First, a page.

My bank forced me to modify the login password again; they promise it’s a computerized procedure that happens every 3 months, nevertheless i know that it really waits to me to remember the password then immediately forces me to switch it.
As I went into change it, I was reminded with the draconian rules: it should be a minimum of 6 characters, with at the least 2 numbers and at least 2 uppercase and 2 lowercase. These people went to the ‘security by obstruction’ school, without doubt.
I made a decision to combat back. When I finally got around to remembering this awkward strange password I had to select 3 months ago, I decided I’m staying by using it. So I changed it to something else, which I needed to write on an item of paper for the fear of forgetting within half a minute (should you saw memento, that movie is focused on me. And So I try to always order beers in bottles since seeing it), and that i then visited the ‘change password’ section to modify it straight back to my awkward-but-conditioned-to-memory password.
Naturally, your budget was seeking to set me straight. «You can’t change back in any of your last 5 passwords» it explained using a grinning smile, giving me the solution straight away. That you can undoubtedly guess, I returned the favor by changing the password 5 times to various things and next changed it back to my old one. I win. Next round in three months.
People will always outsmart security systems that make an effort to force them into making the ‘right’ decision. What I’ve done today (and I’m quite satisfied with it, many thanks) will be done each day by people who use their CD-ROMs as coffee trays and possess never used any program that didn’t automatically run when double clicking an icon.
But here’s precisely what is really bothering me: Precisely what is the attack scenario here? I wish to view the statistics that demonstrate the amount of attackers actually find a way to capture a username and password and only fail since they try to use it after 90 days. While these huge numbers are crunched, please placed on the Y-axis what number of attackers found the password with a post-it stuck for the monitor as the password is indeed complicated to bear in mind.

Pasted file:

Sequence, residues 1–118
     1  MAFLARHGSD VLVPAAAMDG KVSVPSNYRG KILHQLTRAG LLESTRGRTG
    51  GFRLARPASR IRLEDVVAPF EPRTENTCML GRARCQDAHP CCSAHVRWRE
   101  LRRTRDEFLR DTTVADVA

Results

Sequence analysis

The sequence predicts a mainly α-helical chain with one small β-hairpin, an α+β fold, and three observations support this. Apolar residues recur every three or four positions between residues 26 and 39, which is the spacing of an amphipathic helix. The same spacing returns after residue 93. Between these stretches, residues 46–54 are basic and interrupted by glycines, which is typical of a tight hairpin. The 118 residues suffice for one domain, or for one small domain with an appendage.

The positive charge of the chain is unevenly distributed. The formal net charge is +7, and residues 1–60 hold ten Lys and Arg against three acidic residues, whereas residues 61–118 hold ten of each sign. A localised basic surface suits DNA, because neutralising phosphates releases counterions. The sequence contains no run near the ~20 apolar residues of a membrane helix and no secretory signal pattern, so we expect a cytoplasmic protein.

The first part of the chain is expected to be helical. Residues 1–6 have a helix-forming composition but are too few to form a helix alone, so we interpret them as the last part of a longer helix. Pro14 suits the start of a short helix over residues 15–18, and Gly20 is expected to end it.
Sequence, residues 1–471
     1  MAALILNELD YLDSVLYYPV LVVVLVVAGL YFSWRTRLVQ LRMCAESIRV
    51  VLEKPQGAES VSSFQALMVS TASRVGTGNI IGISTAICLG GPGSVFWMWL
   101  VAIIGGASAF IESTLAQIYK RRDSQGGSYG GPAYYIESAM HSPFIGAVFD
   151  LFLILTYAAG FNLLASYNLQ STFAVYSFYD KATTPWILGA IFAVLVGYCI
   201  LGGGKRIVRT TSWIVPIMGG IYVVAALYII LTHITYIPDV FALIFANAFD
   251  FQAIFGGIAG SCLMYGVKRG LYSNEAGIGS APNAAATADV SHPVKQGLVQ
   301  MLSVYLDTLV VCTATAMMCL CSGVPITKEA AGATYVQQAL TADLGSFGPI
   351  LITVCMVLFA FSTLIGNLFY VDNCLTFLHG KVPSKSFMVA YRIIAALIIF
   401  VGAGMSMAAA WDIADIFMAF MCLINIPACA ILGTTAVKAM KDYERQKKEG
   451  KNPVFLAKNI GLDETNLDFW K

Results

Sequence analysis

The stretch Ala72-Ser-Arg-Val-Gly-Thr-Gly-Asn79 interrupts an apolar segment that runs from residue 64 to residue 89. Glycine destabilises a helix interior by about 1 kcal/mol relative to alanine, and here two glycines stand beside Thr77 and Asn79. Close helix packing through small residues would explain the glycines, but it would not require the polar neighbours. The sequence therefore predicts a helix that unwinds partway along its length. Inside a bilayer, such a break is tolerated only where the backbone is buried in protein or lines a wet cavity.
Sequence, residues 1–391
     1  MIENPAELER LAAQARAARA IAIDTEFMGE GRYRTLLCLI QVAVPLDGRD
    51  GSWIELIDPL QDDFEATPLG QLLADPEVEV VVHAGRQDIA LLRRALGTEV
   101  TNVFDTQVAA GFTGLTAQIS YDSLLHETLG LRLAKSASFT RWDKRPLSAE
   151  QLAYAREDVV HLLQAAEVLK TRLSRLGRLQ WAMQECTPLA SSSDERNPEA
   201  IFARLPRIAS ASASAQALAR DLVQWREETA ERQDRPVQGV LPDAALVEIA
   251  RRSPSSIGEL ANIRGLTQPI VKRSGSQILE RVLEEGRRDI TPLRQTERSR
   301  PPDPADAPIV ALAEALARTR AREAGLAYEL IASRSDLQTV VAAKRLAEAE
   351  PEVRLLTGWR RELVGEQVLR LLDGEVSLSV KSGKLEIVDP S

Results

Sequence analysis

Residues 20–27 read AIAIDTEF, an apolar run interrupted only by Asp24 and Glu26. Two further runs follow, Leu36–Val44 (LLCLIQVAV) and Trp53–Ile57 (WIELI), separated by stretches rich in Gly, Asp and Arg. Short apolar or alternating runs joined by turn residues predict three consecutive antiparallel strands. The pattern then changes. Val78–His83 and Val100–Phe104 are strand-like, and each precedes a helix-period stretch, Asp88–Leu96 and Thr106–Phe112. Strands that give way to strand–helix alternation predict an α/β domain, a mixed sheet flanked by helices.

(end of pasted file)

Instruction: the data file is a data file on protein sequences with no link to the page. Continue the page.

Or possibly a great number of attackers used brute force to crack the password, (which may take numerous an incredible number of attempts for the single account) so there exists a clear need for a long and sophisticated password. (BTW, when this attack is achievable, someone should let me know how to get it done. I’ve been locked out a few times for neglecting to type the password correctly in just a few guesses. I want a few guesses because I didn’t keep in mind current password, which, when you remember, changes every 90 days).
Being the cynic i am, and getting read enough security policy documents, I can guess why the password policy is the way it is: it’s an easy task to explain and justify, and it makes sense into the senior execs when shown inside a PowerPoint slide show. I once heard from your high-profile organization that because of a successful break-straight into their network they chosen to tighten up security: all passwords now must be 9 characters instead of 8. I’m guessing someone was promoted for this genius action, and there’s still enough room to raise it further when the next break-in comes (now that’s thinking ahead).